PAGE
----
Mr. Nicolai said the vulnerability with the horses he felt was strong, and the transformation almost immediate. He went home and began to connect on a deeper level with his wife, his kids, and his community. He returned to the gym and lost weight. He got involved with his church. He volunteered with H.O.O.V.E.S., a program he said “gave me purpose again.”
According to the National Center for Equine Facilitated Therapy, horses were first used in ancient Greece in the 17th Century to treat those with neurological disorders, low morale and gout. The U.S. National Library of Medicine reports that there are more than 600 equine-assisted psychotherapy and learning programs worldwide, and while the therapy for those with physical and developmental disabilities has been around for decades, equine services for military veterans is a relatively new concept.
According to 2010 research done on equine-assisted psychotherapy for combat veterans by Nancy Masters, veterans with PTSD and horses share the same heightened fight-or-flight instinct.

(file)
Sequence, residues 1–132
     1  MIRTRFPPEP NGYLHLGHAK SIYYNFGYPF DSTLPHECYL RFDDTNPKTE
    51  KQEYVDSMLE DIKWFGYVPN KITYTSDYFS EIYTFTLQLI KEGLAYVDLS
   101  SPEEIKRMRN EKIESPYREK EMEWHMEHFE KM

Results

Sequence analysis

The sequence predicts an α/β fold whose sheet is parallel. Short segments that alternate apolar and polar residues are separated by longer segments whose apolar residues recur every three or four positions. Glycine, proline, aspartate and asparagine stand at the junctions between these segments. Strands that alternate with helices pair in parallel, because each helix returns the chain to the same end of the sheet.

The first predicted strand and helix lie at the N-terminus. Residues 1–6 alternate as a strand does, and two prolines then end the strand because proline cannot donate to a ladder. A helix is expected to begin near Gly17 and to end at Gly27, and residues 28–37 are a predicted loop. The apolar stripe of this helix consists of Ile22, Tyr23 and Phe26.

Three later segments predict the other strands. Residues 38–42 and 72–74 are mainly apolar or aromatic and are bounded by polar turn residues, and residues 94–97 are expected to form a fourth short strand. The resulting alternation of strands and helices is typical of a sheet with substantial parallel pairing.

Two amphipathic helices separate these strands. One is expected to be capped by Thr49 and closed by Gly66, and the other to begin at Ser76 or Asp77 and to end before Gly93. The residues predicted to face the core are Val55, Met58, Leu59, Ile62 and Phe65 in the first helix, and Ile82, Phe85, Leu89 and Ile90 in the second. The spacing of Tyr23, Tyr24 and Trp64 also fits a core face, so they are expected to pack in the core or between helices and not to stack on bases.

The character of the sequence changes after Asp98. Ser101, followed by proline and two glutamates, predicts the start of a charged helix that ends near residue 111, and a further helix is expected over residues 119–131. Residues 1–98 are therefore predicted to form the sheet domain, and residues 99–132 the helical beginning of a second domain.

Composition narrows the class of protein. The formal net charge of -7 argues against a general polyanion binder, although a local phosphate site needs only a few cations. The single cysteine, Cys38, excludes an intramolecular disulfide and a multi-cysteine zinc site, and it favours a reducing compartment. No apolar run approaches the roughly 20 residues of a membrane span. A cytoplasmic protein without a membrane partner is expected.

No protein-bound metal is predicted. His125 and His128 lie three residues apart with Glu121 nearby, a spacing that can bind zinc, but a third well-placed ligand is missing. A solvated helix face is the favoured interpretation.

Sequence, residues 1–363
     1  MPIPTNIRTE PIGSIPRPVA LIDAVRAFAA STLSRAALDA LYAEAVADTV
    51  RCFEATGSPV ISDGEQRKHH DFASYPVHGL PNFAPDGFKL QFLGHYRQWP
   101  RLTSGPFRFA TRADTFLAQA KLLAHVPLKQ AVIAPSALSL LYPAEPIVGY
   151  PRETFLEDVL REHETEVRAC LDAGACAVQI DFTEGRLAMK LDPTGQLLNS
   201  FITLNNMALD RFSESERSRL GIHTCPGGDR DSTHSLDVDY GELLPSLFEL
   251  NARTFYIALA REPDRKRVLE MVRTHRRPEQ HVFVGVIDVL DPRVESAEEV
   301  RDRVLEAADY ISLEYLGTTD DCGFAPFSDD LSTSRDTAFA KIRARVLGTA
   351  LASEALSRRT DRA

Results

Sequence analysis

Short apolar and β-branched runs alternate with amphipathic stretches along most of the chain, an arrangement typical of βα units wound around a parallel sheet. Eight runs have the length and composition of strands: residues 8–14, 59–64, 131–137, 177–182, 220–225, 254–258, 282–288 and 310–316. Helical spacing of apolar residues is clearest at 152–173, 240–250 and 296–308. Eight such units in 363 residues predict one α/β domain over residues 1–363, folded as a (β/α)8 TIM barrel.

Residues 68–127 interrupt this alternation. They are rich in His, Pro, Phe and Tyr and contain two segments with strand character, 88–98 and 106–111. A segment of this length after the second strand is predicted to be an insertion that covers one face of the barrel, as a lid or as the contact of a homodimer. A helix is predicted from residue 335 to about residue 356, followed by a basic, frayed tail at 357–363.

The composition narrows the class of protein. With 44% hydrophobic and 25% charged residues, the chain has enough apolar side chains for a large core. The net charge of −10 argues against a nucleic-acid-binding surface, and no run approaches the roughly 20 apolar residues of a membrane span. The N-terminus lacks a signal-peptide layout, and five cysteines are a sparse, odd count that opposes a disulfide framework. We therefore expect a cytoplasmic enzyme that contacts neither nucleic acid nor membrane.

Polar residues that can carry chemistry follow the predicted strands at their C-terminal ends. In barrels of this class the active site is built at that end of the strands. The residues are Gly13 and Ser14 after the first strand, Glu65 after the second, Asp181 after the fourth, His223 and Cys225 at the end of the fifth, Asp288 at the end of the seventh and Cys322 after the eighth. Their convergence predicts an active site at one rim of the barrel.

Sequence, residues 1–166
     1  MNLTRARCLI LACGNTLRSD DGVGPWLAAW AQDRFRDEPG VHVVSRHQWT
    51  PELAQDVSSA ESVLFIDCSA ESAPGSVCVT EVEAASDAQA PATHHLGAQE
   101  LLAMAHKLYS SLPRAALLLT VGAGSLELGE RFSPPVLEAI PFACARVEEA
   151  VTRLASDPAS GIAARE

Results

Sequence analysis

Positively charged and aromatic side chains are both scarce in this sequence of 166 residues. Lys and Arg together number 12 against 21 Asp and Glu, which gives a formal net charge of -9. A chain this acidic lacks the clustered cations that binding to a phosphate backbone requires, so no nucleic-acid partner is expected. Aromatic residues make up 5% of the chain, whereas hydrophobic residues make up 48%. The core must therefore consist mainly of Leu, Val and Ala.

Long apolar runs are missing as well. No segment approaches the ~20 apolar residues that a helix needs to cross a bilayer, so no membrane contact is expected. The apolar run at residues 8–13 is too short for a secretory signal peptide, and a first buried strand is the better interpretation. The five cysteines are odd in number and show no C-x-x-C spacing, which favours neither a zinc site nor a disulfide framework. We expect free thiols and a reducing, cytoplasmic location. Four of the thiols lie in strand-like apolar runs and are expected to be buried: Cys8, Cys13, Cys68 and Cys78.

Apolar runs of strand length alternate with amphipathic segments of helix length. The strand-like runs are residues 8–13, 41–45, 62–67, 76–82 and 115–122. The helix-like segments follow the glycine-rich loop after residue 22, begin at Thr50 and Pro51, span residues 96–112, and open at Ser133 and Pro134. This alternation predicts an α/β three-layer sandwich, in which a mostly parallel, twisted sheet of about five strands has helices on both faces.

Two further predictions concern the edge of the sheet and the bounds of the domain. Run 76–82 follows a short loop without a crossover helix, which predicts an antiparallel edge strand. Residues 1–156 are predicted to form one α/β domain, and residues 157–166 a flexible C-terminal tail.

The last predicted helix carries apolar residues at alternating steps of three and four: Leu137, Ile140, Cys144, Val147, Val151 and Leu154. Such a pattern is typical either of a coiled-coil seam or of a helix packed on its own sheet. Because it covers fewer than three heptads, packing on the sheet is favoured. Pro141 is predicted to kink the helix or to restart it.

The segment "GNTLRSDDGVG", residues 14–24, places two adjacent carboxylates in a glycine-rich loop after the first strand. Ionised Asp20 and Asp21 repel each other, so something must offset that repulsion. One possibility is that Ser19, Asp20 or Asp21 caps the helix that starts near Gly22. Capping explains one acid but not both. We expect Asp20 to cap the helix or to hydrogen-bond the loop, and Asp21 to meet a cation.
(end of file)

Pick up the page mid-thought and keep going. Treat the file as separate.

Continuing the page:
“Being prey animals, horses experience this state most all of their existence and depend on it for survival, but as they are herd animals, they must also manage to learn effective communication and develop the means to cohabitate in their community or they will be isolated from the group, which leaves them highly vulnerable to a variety of threats,” Ms. Masters wrote.
The VA Ann Arbor Healthcare System, which serves most of Southeast Michigan and Northwest Ohio, practices evidence-based, traditional therapy practices, but supports and refers any outside programs that are beneficial to vets, said spokesman Brian Hayes.
“Anytime we can do something to improve the function of any of our veterans emotionally, we know from studies that that improves their physical health as well,” Mr. Hayes said.
The next H.O.O.V.E.S. workshop takes place Nov. 20. For more information, visit hooves.us.
Contact Roberta Gedert at: firstname.lastname@example.org or 419-724-6075 or on Twitter @RoGedert.